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420? Not so much.
After being shut down in March because of the coronavirus epidemic, golf courses last week reopened in Massachusetts, much to the relief of bored duffers across the state.
But while the landed gentry were jostling for tee times and keeping 6 feet away from each other at the men-only bar-and-grill in the clubhouse locker room, Bay State marijuana consumers were scratching their heads.
That’s because the state’s recreational pot shops remain closed, even as the Governor Charlie Baker’s administration progressively loosens restrictions on other companies, including plainly nonessential operations such as golf courses and florists. Pressure on Baker to reverse the ban on retail pot mounted last week, however.
On Tuesday, lawmakers took testimony on a bill proposed by state Senator Diana DiZoglio that would steer forgivable loans to marijuana companies, chambers of commerce, and other organizations that are ineligible for federal business relief payments. The payments would help cannabis firms cover payroll and other expenses.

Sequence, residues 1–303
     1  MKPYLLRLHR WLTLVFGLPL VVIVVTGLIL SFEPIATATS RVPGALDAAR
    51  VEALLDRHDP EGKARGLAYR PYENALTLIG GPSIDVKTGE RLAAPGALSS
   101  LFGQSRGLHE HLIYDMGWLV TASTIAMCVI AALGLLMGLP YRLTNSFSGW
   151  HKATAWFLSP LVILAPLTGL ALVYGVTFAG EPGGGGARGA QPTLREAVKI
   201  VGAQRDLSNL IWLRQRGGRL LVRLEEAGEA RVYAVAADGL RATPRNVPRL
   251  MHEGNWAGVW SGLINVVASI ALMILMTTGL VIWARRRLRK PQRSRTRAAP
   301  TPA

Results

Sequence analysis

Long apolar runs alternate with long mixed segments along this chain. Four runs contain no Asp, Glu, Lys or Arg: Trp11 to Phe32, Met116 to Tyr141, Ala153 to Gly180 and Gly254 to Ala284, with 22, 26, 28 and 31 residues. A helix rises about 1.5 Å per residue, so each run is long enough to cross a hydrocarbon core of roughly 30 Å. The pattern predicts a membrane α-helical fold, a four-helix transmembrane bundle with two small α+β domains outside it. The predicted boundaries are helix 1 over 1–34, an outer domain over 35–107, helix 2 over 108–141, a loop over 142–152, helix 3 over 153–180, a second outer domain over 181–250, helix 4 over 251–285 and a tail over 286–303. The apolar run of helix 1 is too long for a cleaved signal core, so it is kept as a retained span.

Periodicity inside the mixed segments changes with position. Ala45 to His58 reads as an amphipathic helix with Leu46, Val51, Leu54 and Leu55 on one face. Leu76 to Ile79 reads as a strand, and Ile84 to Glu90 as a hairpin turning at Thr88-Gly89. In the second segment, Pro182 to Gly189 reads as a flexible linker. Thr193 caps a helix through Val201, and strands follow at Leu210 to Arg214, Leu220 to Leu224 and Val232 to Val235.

It’s unclear whether the measure will pass. But proponents hope it will at least produce an official legislative analysis of how much such a bailout would cost — a total likely to be many millions of dollars — giving them more rhetorical ammo to argue for a quick end to the recreational shutdown, which one progressive representative called “bananas.”
The hearing, held virtually, featured poignant testimony from a diverse slate of marijuana entrepreneurs and advocates, who said the shutdown threatened to bankrupt their businesses and destroy the state’s vision of an equitable cannabis industry.
Baker’s office didn’t comment on the bill, but the governor did tell reporters that members of the cannabis industry would soon meet with a committee he’s convened to plan the reopening of the Massachusetts economy.
It’s unclear exactly with whom Baker’s committee will meet. Even Cannabis Control Commission chairman Steve Hoffman said he hasn’t received an invitation yet.
Speaking of Hoffman, he and other top commission officials said publicly last Thursday that the agency believes recreational sales can safely resume, using measures such as curbside pickup. In his strongest comments on the controversy to date, Hoffman said it was “unfair” that Massachusetts marijuana firms are both the only ones in the country to be forced to close and also ineligible for federal assistance.
Baker did not respond to repeated requests for comment.